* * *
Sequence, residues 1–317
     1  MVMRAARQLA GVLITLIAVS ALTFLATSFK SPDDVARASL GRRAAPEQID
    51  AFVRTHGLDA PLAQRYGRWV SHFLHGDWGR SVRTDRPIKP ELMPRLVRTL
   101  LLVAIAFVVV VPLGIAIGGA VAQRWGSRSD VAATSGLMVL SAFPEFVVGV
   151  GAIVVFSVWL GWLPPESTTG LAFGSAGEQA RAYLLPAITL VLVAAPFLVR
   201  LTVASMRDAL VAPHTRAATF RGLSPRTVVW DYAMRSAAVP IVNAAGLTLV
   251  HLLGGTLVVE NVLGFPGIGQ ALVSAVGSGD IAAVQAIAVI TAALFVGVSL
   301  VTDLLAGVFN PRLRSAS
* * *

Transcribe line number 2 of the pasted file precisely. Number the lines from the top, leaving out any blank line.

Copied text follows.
     1  MVMRAARQLA GVLITLIAVS ALTFLATSFK SPDDVARASL GRRAAPEQID